As the authors point out, gas-solid flows are endemic in natural experience and engineering practice. It is a subject that is widely taught and researched often by those we may call "chemical engineers". This book was probably written as the evolution of a course text for American undergraduate chemical engineers in the authors' institution, Ohio State University. It is presented in two parts: "Basic Relationships" and "System Characteristics". The first deals with things like particle size, collision mechanics, including momentum change and heat transfer, as well as a variety of commonly used mathematical relationships. There is some brief reference to contact mechanics and long-range interaction forces. The second part, which draws to some extent on the first, describes the characteristics and responses of particle separators, hoppers, fluidised beds and pneumatic flow systems. Particle-gas separation processes are discussed, including "wet scrubbing". The general format provides self-contained, but not heavily integrated and cross-referenced chapters. Each chapter has its own reference listing, nomenclature and "problems" (although no model answers). This compartmentalisation is further improved by sectioning and subdivision of subsidiary material within each chapter. The book is therefore rather easy to use as a reference or teaching text, providing that the content is what the teacher, student or researcher needs. For some, including the present reviewer, this may be the core problem in assessing the potential value of the book and whether or not to use or recommend it.
Let me explain first generally and then by way of examples. The book is written by chemical engineers for chemical engineers; it is actually published within the Cambridge series on chemical engineering. It seeks to do what chemical engineers do well and that is, where possible and often where impossible, to quantify through explicit equations or correlations the behaviour of complex processes in the attempt to provide accurate predictive capacity. Where this may not be viable, at least descriptions of critical transitions in system response are sought. The book is a masterful exposition of this approach and as such will certainly find a faithful following. The treatments of, for example, hopper and standpipe flow and fluidisation will contain all the numerical expressions that most undergraduates will ever need. Likewise for the chapter that deals with "basic equations". The question is whether this is what is needed by the teacher and his students, or indeed research person, and further, is it sufficient? The answers will invariably be matters of opinion. I will expand.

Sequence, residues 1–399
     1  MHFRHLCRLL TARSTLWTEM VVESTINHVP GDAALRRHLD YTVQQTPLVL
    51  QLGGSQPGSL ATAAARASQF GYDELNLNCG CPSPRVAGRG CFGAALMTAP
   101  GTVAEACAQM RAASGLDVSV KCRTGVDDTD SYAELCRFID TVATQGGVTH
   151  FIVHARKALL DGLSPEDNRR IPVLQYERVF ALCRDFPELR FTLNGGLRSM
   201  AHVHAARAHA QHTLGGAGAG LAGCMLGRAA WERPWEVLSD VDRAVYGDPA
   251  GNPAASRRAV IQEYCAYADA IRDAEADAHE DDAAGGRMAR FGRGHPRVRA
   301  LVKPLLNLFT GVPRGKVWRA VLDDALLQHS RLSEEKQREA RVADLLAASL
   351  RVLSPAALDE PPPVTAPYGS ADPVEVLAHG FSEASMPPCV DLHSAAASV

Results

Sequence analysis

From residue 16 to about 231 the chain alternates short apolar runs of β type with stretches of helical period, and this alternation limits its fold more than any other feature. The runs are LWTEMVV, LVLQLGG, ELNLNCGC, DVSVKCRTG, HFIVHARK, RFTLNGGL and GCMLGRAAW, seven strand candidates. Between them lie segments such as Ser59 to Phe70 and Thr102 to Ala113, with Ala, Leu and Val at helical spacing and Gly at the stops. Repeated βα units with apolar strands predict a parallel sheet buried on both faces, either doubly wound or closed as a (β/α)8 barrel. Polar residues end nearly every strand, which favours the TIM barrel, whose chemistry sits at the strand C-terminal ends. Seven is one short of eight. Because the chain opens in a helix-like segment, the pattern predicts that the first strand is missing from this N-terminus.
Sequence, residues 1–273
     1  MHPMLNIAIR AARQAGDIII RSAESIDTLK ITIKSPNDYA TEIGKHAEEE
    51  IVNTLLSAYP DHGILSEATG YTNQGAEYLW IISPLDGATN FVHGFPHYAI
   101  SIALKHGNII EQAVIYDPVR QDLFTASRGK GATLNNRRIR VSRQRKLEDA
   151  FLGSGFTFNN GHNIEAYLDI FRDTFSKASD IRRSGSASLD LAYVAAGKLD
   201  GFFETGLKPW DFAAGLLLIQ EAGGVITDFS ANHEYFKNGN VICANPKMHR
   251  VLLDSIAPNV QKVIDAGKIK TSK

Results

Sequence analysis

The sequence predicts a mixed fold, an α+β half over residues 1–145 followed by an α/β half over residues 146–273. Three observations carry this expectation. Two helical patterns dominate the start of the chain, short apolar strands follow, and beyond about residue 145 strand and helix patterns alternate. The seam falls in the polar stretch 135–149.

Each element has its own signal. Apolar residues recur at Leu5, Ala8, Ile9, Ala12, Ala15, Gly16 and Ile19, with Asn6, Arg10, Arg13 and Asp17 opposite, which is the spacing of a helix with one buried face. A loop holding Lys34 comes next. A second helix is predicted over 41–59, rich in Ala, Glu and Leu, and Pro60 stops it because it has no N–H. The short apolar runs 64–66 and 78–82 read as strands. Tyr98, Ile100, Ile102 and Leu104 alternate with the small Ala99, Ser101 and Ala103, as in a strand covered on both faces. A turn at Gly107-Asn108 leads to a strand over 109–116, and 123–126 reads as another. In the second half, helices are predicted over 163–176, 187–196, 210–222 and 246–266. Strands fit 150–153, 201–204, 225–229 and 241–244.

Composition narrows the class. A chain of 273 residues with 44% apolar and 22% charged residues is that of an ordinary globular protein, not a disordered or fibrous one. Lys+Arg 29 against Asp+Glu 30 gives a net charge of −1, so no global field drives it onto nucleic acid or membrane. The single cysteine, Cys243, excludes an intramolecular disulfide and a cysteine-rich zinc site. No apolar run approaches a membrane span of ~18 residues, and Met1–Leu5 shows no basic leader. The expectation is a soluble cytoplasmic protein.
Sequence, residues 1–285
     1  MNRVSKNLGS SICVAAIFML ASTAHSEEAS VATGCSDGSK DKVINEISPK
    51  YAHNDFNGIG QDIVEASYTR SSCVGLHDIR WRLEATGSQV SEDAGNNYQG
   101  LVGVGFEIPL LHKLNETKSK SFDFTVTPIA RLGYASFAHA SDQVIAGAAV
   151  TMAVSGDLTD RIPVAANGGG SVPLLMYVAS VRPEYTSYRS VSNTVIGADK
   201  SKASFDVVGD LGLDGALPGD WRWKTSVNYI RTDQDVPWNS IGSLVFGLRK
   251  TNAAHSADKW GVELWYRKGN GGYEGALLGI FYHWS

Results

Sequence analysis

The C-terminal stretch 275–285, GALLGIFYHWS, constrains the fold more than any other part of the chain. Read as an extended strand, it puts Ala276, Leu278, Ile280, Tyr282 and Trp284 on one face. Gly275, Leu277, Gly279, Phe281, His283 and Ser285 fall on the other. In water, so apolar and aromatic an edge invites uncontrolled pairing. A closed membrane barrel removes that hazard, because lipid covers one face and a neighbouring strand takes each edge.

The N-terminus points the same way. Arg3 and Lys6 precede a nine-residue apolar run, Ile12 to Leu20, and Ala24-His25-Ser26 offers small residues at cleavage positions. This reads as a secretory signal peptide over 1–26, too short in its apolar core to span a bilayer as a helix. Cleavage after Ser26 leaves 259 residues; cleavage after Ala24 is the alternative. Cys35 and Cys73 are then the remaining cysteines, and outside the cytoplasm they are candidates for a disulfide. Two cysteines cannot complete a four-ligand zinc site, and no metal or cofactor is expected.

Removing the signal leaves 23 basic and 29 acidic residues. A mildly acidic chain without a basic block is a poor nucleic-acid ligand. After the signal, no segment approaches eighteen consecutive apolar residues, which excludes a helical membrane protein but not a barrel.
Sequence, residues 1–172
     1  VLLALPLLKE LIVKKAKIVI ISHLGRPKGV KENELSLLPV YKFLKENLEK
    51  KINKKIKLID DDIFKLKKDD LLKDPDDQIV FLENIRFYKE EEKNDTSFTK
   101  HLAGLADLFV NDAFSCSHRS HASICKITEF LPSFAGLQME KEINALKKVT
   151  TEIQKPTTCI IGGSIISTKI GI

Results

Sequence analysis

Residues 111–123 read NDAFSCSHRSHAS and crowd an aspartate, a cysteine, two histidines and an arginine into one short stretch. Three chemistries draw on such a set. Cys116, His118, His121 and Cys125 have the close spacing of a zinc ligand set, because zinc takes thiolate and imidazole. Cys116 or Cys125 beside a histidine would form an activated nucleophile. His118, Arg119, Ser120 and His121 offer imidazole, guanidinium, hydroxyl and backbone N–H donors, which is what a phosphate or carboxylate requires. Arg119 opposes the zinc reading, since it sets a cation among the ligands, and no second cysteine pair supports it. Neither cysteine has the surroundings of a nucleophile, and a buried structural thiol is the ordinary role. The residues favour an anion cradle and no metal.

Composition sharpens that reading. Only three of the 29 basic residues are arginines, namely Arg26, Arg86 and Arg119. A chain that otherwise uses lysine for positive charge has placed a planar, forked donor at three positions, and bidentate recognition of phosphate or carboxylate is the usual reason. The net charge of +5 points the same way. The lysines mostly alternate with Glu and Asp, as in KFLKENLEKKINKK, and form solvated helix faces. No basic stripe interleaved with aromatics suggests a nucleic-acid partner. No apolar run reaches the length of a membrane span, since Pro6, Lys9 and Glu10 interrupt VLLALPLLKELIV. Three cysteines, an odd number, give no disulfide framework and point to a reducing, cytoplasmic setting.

For at least ten years there has been a growing belief among some chemical engineers that this subject, and indeed others, could usefully profit from the introduction, both in research and teaching, of what some have chosen to call a "materials approach". What is meant can be put in a variety of ways, but in simple terms it is argued that the responses of a particulate assembly can be described at a basic level by a proper consideration of the interactions between the particles in the assembly and between the particles and their constraining walls where appropriate. The idea is, of course, not new and has an obvious precedent in the kinetic theory of gases and is now a practised methodology in, for example, solid-liquid flows. The idea is that this incorporation of firmly established interaction laws will provide a more relevant basis for process design and particle engineering. The advent of recent nano-technological methods to quantity specific interactions has been a driver here.
The book does not take this line although we do note sections, in the first part, on interparticle forces (van der Waals forces are given just over two pages) and selected contact mechanics (there are several references to Hertzian analysis but little on contact adhesion). Similarly, there is little about particle wear and disruption processes. It is also remarkable that little is recorded about capillary forces and "damp" particle systems; it is true the book is about gas-solid interactions but there is elsewhere a section on "wet scrubbing". In practice, many problems arise because of ambient humidity changes. Thus the text introduces "fundamental interaction processes" but does not practise their use. I note that there is no real reference to appropriate experimental method and in particular how system responses may be quantified by modern transducer technologies; there are many new and old methodologies available, particularly novel imaging methods. Further, there are no descriptions of numerical modelling methods and their potential applications in, say, hopper flows or indeed powder compaction; essentially these are the vehicles that may prove to be practicable, when including the interaction laws, for the prediction of the assembly behaviour.
So, if this is the approach you want, you will find this book to your taste.
Brian Briscoe is professor of interface engineering, Imperial College, University of London.
Principles of gas-Solid Flows. First Edition
Author - Liang-Shih Fan and Chao Zhu
ISBN - 0 521 58148 6
Publisher - Cambridge University Press
Price - £65.00
Pages - 557